Part 80s arcade game, part rogue-style dungeon crawler, and part pinball, Treasure Buster is a strange combination of game genres that work surprisingly well together. The result is an entertaining game that’s hard to put down.
You play as one of six heroes who must defeat a series of enemies. Each hero has different traits that affect their performance in battle. When you enter a room in a dungeon, you start a battle by pulling back with a swipe on the screen Angry Birds-style to launch yourself at your enemies. When you let go, you bounce around like a pinball slamming into enemies and obstacles, shaking loose treasure from your foes, and collecting the loot.
Periodically, the enemies will stage their own attack, which causes damage to your hero. Clear a room of enemies and you can move to the next part of the dungeon to face new challenges and the occasional boss. Treasure you collect can be traded for new abilities, helping you survive the more difficult later stages. The game ends when you run out of health.
Treasure Buster has two modes of play – Arcade and Endless. In Arcade
mode you move around a map exploring each room of the dungeon. Endless mode eliminates exploration of the map, moving you from one room to another automatically and setting the difficulty level based on a coin flip. Of the two modes, I prefer Arcade where I feel more in control of the part of the game I try next.
The art of Treasure Buster has a retro-pixel style reminiscent of old arcade games. There is a lot of attention to detail at each stage of the game, including a wide variety of enemies, treasure and other elements that keeps the game entertaining.
Treasure Buster is Universal and equally playable on an iPhone or iPad. The mechanics are simple enough to play one-handed on an iPhone and the game is enjoyable in short bursts, though I’ve found it hard to play just one round. If you play Treasure Buster long enough, it can start to feel a little repetitive given the simplicity of the mechanics, but as a way to kill time and take short breaks from something else, Treasure Buster is a good choice.
Treasure Buster is available on the App Store for $0.99.
Myke got an NES Mini, and Shahid explains the wonderful world of Console Devkits.
If you've ever been fascinated by the mystery surrounding videogame console devkits and what they really are, the latest Remaster is for you. You can listen here.
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This week Fraser and Federico continue the Workflow series by looking at integrating Workflow with third-party apps.
In the latest episode of Canvas, our Workflow series continues with an in-depth look at third-party app integrations and several examples of our own workflows.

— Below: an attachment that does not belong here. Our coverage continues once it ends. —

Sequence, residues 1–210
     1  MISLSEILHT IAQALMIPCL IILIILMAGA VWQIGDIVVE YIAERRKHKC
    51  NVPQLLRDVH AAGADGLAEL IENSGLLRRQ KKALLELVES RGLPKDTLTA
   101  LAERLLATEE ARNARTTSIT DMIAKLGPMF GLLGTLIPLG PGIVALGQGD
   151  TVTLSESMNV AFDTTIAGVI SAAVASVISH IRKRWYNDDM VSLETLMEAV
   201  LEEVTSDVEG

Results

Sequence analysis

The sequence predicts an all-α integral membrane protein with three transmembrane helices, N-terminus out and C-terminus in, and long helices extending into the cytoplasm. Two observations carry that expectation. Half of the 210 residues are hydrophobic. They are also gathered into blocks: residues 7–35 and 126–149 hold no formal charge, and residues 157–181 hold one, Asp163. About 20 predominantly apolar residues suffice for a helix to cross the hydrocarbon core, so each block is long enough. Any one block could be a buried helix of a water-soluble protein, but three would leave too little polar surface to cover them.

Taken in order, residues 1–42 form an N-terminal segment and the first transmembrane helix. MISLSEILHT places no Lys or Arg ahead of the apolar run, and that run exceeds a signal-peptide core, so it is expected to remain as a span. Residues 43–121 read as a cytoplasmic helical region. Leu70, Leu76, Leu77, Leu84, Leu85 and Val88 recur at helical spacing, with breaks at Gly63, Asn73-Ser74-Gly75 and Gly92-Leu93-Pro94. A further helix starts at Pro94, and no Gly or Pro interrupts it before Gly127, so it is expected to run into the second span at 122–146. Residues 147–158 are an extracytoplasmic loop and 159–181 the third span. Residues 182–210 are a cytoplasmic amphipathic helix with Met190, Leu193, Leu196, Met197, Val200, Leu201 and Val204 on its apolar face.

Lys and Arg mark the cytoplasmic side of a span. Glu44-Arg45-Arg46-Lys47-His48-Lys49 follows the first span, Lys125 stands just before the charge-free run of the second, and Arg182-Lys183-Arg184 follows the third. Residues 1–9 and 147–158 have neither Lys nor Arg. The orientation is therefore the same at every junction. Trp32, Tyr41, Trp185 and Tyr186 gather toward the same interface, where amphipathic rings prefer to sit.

If you haven't listened to the previous episodes of the series yet, you'll want to go back and start from there.
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Allen Pike has a good summary of how limited the media player framework is on iOS, especially for developers who want to create apps that integrate with Apple Music:
In the meantime, these limitations mean that any music app that attempts to play Apple Music tracks will be seriously limited, require odd workarounds, and behave problematically depending on user behaviour. In the spirit of giving users a quality experience, we’re stuck with the same limitation that other sophisticated audio apps have today: no Apple Music.
The explanation is a bit technical in places, but I think we can all relate to some limitations he details: apps can't modify Music playlists on the user's behalf, queue management is severely limited, and fading a song out is a private API.
There could be an entire ecosystem of music utilities and alternative players based on the streaming service – think how professional DJ apps, tagging services like Shazam and SoundHound, or music discovery apps could take advantage of a direct integration with Apple Music. I hope Apple will consider some of these suggestions for next year.
It's Thanksgiving Day in the US and there are games to play. Sure, those celebrating Thanksgiving should probably put their iPhones away and spend time with their families. But not everyone celebrates Thanksgiving, and even if you do, who doesn't need a break at some point over a long weekend?
Don't Grind by Laser Dog Games is the perfect game for just such a break. It's easy to get the hang of, playable in short bursts, and a whole lot of fun. The goal of Don’t Grind is to keep a character bouncing in the air above two rotating blades. You do that by tapping and swiping on the screen. How high you bounce with each tap depends on the length of the tap. Swiping sends your character in the direction of the swipe. Fail to stay aloft and you are ground up by the blades ending the game.
As you bounce around in the air above two blades, you collect stars, which are converted into medals when the round ends with your character’s inevitable death. While you collect the stars though, you also need to avoid lasers, rockets, blades, and other obstacles that can hasten your demise. After collecting a certain number of medals you unlock additional characters to use in the game. There are dozens to collect.
A game where your character is inevitably ground up between saw blades sounds gruesome, but it isn't. Laser Dog has kept the tone light and fun. That's accomplished through a bouncy, pop soundtrack and using silly inanimate objects as characters like a donut, banana, and boot. Each character has googly eyes that do a remarkable job of conveying dread and fear as the characters approach the blades. There are other nice touches such as the background scenery that matches the time of day you are playing, haptic feedback on the iPhone 7, and the ability to record and share gameplay.